Five Facts You Need to Know About the Puerto Rico Bond Problems
Investors in UBS Puerto Rico funds, many of whom have faced losses in excess of 15 percent in 2013, are beginning to ask many questions about the state of the Puerto Rico bond market. Mutual fund managers, including managers of major funds, invested heavily in the tax-advantaged Puerto Rican bonds in recent years, raking in significant fees for underwriting and often failing to disclose to their investors just how heavily they are investing in Puerto Rican debt.
Unfortunately, UBS Puerto Rico bonds are now being rated as extremely risky, leaving many investors in need of key facts about exactly what they have invested in. For investors who are concerned about their risk exposure, here are five facts you need to know.
1) Puerto Rico Has Issued Massive Amounts of Debt
Puerto Rico currently has about $70 billion in outstanding debt and will owe around $2.8 billion of debt within the next year. UBS Puerto Rico bonds have exposure to around $10 billion of Puerto Rico’s debts. Many state-named mutual funds have more than 10 percent exposure to Puerto Rican debt, and many big-name mutual fund companies, including those by OppenheimerFunds, have greater than five percent exposure to Puerto Rican bonds. Investors in UBS Puerto Rico funds, who were often unaware that their fund managers were betting on Puerto Rico, may face significant losses if Puerto Rico is downgraded any further or if Puerto Rico defaults on its bond obligations. Investing in UBS Puerto Rico funds is risky.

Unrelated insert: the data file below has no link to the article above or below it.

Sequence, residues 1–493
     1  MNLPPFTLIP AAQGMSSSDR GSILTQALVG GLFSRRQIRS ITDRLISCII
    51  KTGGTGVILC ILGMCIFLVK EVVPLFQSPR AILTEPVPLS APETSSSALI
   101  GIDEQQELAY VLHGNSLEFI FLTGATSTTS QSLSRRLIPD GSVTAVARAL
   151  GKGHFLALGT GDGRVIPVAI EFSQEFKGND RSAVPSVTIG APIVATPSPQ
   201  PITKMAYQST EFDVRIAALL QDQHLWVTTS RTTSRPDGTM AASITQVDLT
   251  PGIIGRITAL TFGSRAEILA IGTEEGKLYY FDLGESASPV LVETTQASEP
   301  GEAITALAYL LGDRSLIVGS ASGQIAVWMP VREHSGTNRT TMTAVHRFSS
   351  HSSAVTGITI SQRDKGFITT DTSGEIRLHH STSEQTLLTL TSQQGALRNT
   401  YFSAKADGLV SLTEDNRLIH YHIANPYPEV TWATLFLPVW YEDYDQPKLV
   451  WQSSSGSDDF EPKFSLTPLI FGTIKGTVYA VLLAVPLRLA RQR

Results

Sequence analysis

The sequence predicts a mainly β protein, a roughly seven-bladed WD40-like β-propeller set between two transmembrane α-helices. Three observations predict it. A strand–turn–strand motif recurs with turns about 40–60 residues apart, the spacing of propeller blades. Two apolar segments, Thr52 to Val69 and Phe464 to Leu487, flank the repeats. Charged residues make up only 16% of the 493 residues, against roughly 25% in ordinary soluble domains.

2) Puerto Rico has a Very Real Risk of Default
Credit agencies including Standard & Poor (S&P) and Moody’s have downgraded Puerto Rico bond funds and the Puerto Rican bonds are currently rated as high risk. Just a step above junk bonds, Puerto Rican bonds have a negative outlook and yields have climbed above nine percent. Borrowing money to achieve short-term liquidity is getting harder and Puerto Rico’s plan to raise fees and revenue on a population of just 3.6 million people is unlikely to generate the necessary funds, especially when Puerto Rico also boasts an unemployment rate of 13.5 percent. With the current state of Puerto Rico’s economy and debt, some experts have estimated the risk of default as high as 77 percent.
3) Puerto Rico Cannot File for Chapter 9 Bankruptcy Protection
Unlike Detroit, which is also facing huge debts it cannot pay, Puerto Rico cannot file for Chapter 9 municipal bankruptcy because Puerto Rico is treated as a U.S. State. There is talk of a federal bailout, although Washington has indicated that it is simply monitoring the situation. The uncertainty about what will happen if Puerto Rico cannot pay its debts is just one factor accounting for the S&P Puerto Rico bond funds index declining 21 percent in 2013 as of mid-October.
4) About 75 Percent of Muni Funds in the U.S. Hold Puerto Rican Securities
UBS Puerto Rican bond funds have been a popular purchase for fund managers because the bonds enjoy tax-exempt status in all states. Regulations also allow for the purchase of Puerto Rican bonds in state-specific funds, so funds like the Oppenheimer Rochester Virginia Municipal Bond Fund have heavily invested in Puerto Rican debt.
5) The Situation May Worsen for UBS Puerto Rico Funds Investors
Unfortunately, if Puerto Rico defaults on its debt obligations, investors are likely to face even larger losses. Many investors were not informed of the risks of UBS Puerto Rico bonds. Investors are likely to face surprise losses similar to those in the crisis fueled by the sale of subprime mortgage bonds. Investors who face these losses and who were not warned of the risks may have legal rights to recover losses if they were misled by fund managers. However, these investors will need to be vigilant about protecting their rights and trying to recover as much as they can.